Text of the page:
"This is the best that I've thrown in a long time," Lowe said before Monday morning's workout at ESPN's Wide World of Sports complex. "Is that going to translate into success? I hope. I think I have given myself a far better chance to have success this year than I have in years past."
When the Braves announced Sunday that Lowe will start their Opening Day matinee against the Cubs on April 5 at Turner Field, they distanced themselves from the trade talks that surrounded the right-hander just two months ago and provided a vote of confidence to this 36-year-old hurler, who struggled at the end of last year's 15-win season.
But instead of accepting the belief that the Braves are -- in his words -- "just throwing me a bone," Lowe understands this Opening Day assignment is also a product of the fact that the club is attempting to manage the workloads that Tim Hudson, Tommy Hanson and Jair Jurrjens will experience throughout the season.
"At the end of the day, none of us went in there and lobbied or anything," Lowe said in reference to the Opening Day assignment. "They made a decision that is best for everybody. I think our situation is unique because we have so many good pitchers."
While planning for the makeup of their rotation, the Braves opted to take advantage of the fact that the schedule offers them the chance to provide Hudson an extra day of rest before each of his first three starts of the regular season. The 34-year-old Hudson made seven September starts after returning from Tommy John surgery last year and has said numerous times that he has regained all of his arm strength.
But Hudson still appreciates the makeup of these rotation plans, which have been set with the mindset that Jurrjens and Hanson would get more opportunities to pitch with an extra day of rest during the middle portion of the season.
While the 24-year-old Jurrjens has compiled 403 1/3 innings in his first two Major League seasons, the 23-year-old Hanson combined for 197 innings with Triple-A Gwinnett and Atlanta last year.
"Tommy and J.J. have put together a workload that they're probably not used to yet," Hudson said. "I think it's smarter to take it easier on them during the second half of the year this year and allow some of the old guys to pick up some of that workload."
Jurrjens, who has battled some slight right shoulder discomfort during the early days of camp, is scheduled to make his season debut on April 7 against the Cubs. Hanson will start the following day in the series finale, and Hudson will be on the mound when the Braves open a three-game series in San Francisco on April 9.
"I feel awesome," Hudson said. "It's going to be pretty cool pitching later in the rotation. I'm used to squaring off against some guys that I don't feel like I can give up many runs against."
While Hudson will seemingly be spared a matchup against two-time National League Cy Young Award winner Tim Lincecum, Lowe's Opening Day assignment will likely pit him against Cubs ace Carlos Zambrano. In the process, he'll attempt to prove to be just as successful as he was last year, when he limited the then-defending champion Phillies to just two hits in eight innings and led the Braves to a season-opening victory.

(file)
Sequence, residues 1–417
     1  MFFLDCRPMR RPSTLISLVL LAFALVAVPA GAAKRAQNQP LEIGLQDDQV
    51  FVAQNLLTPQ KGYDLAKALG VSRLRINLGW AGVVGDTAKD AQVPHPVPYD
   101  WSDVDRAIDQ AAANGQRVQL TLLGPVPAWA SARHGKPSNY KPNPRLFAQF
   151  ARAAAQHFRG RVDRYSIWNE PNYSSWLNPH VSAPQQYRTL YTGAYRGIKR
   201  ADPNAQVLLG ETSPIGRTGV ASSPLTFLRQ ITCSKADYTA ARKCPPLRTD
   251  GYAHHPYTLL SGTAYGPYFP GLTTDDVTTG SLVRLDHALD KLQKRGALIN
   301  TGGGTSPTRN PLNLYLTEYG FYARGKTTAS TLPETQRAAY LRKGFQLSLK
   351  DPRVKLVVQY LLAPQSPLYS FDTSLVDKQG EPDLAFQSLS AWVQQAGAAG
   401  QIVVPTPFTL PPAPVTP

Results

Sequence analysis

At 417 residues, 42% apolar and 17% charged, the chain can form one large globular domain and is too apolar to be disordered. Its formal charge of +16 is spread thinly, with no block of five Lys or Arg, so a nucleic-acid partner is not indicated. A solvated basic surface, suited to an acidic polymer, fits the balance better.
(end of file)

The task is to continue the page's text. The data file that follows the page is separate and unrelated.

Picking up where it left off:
This will be Lowe's fifth Opening Day start in the past six seasons. During the three Opening Day assignments he had with the Dodgers, he was 0-3 with an 8.44 ERA.
"I don't go into this game any different than the previous four years," Lowe said. "Clearly, pitching at home makes it a little more exciting. Confidence-wise, it's going to be the same as any other year or any other start."
While this will be just one of the 34 or 35 starts the always-durable Lowe plans to make this year, it will also be the beginning of a journey that he hopes has a more satisfying conclusion than last year's. On the way to matching Javier Vazquez's team-high 15 victories, Lowe posted a 5.59 ERA in his final 21 starts and a 6.65 ERA in his final nine starts.
During the offseason, Lowe dealt with the fact that the Braves attempted to trade him less than one year after he had signed a four-year, $60 million contract. But more importantly, he diligently worked to fix the mechanical flaws that haunted him down the stretch.
Over the past two weeks, Lowe has been encouraged by the fact that his teammates and coaches have confirmed his belief that the righty's offseason work allowed him to improve the quality of his pitches and once again find consistent location with those pitches.
"It's encouraging that the people that catch you or the coaches that have come up and said, 'I definitely see a noticeable difference,'" Lowe said. "It's not that you're looking for praise. You're just looking for confirmation that what you did has worked."
Instead of focusing on the Opening Day assignment, Lowe will spend the next month allowing opposing hitters the chance to confirm that he will be able to realize the fruits of his offseason labor. Thus, for now, he's placing his focus on his Grapefruit League season debut, which will come Friday against the Nationals.
"You can't start looking a month down the line, thinking, 'I'm already going to pitch on Opening Day' and kind of coast through Spring Training," Lowe said. "That's the last thing that you want to do. You want to go into the season with good momentum."
Mark Bowman is a reporter for MLB.com. This story was not subject to the approval of Major League Baseball or its clubs.